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|Impact of global warming on cyclonic storms over north Indian Ocean
|Ramesh Kumar, M R.
|Global warming;Arabian Sea;Bay of Bengal;Sea surface temperature
|The impact of global warming on the cyclonic storms over the north Indian Ocean have been studied using a suite of multiple datasets that includes the NCEP/NCAR Reanalysis, the extended reconstruction sea surface temperature (ERSST) and tracks of storms over the north Indian Ocean for the period 1951 to 2007. Results suggest that the frequency of storms and severe storms do not show a dramatic rise in-spite of substantial increase in the sea surface temperature in the Bay of Bengal from 1951-2007 compared to the 1901-1951. This prompted us to conclude that, the frequency of storms is related to the changes in a couple of atmospheric parameters over the north Indian Ocean during the global warming period. It is identified that there is a large decrease in the mid-tropospheric humidity over the Bay of Bengal during the latter period (1951-2007). The relationship between the SST over the Bay of Bengal and the maximum wind speed of the cyclonic systems is complex and there is no preferred range for the formation of cyclonic or severe cyclonic storms over the north Indian Ocean. Examination of various aspects related to storms in the present study revealed that warm SST’s alone are not sufficient for the initiation of convective systems over the Bay of Bengal. The present study thus suggests that atmospheric parameters, such as low-level vorticity, mid-tropospheric humidity and vertical wind shear, play an influential role on the genesis and intensification of storms over the north Indian Ocean. The present study assumes significance due to the large contribution of rainfall over India from storms that form over the north Indian Ocean during the summer and the winter monsoons.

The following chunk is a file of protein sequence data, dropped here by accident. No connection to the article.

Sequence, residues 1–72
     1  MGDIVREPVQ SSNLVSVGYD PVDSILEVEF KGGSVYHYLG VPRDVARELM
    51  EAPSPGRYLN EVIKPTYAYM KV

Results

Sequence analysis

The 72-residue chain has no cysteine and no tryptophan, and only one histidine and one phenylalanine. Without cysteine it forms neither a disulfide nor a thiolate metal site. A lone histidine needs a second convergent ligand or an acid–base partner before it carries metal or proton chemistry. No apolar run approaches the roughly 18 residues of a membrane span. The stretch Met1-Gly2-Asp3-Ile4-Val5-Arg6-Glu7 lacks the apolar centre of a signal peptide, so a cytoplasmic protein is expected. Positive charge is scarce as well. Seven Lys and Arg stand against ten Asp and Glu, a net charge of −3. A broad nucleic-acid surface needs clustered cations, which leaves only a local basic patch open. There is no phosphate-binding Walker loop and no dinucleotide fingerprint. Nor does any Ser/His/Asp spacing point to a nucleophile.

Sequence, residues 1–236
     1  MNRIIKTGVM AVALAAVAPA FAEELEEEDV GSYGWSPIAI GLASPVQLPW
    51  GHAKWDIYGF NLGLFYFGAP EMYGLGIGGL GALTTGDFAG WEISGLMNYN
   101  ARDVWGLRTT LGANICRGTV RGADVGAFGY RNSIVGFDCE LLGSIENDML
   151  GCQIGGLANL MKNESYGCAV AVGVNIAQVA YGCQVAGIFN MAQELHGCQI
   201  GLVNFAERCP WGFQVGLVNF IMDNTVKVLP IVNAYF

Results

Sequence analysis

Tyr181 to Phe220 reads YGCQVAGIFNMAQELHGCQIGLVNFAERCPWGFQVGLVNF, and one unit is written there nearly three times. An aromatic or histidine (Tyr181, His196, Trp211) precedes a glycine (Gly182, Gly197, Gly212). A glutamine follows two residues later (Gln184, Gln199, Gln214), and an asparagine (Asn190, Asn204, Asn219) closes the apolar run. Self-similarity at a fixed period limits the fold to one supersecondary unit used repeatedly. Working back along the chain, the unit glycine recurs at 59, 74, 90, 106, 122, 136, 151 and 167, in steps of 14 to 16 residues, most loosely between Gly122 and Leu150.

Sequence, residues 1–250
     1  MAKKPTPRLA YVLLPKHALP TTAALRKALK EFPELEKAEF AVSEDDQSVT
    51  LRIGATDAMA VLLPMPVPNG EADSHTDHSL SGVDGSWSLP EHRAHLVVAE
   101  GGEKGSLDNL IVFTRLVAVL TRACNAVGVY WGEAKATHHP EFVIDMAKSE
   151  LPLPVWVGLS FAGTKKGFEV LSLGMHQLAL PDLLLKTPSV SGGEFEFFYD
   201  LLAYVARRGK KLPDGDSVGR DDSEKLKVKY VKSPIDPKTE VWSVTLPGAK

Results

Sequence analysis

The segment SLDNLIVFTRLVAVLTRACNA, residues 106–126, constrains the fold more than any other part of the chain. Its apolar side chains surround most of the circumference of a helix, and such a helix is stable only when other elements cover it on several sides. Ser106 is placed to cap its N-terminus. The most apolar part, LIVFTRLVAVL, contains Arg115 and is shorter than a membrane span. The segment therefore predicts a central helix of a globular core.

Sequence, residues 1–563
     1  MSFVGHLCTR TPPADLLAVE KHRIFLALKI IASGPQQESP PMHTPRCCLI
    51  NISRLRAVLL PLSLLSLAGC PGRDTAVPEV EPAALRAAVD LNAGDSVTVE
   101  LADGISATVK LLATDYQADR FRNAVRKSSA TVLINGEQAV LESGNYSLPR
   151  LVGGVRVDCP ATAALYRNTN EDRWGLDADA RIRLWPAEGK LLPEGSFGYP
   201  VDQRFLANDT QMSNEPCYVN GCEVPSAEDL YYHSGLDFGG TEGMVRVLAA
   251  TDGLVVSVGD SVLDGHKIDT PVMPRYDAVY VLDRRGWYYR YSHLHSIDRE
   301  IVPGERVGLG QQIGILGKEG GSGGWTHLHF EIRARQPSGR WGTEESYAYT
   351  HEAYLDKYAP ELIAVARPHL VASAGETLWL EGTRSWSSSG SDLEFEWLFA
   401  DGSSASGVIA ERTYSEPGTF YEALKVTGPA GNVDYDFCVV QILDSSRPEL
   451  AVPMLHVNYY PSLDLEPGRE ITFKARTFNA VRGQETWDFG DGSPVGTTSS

|0975-1033 (Online); 0379-5136 (Print)
|Appears in Collections:
|IJMS Vol.39(4) [December 2010]
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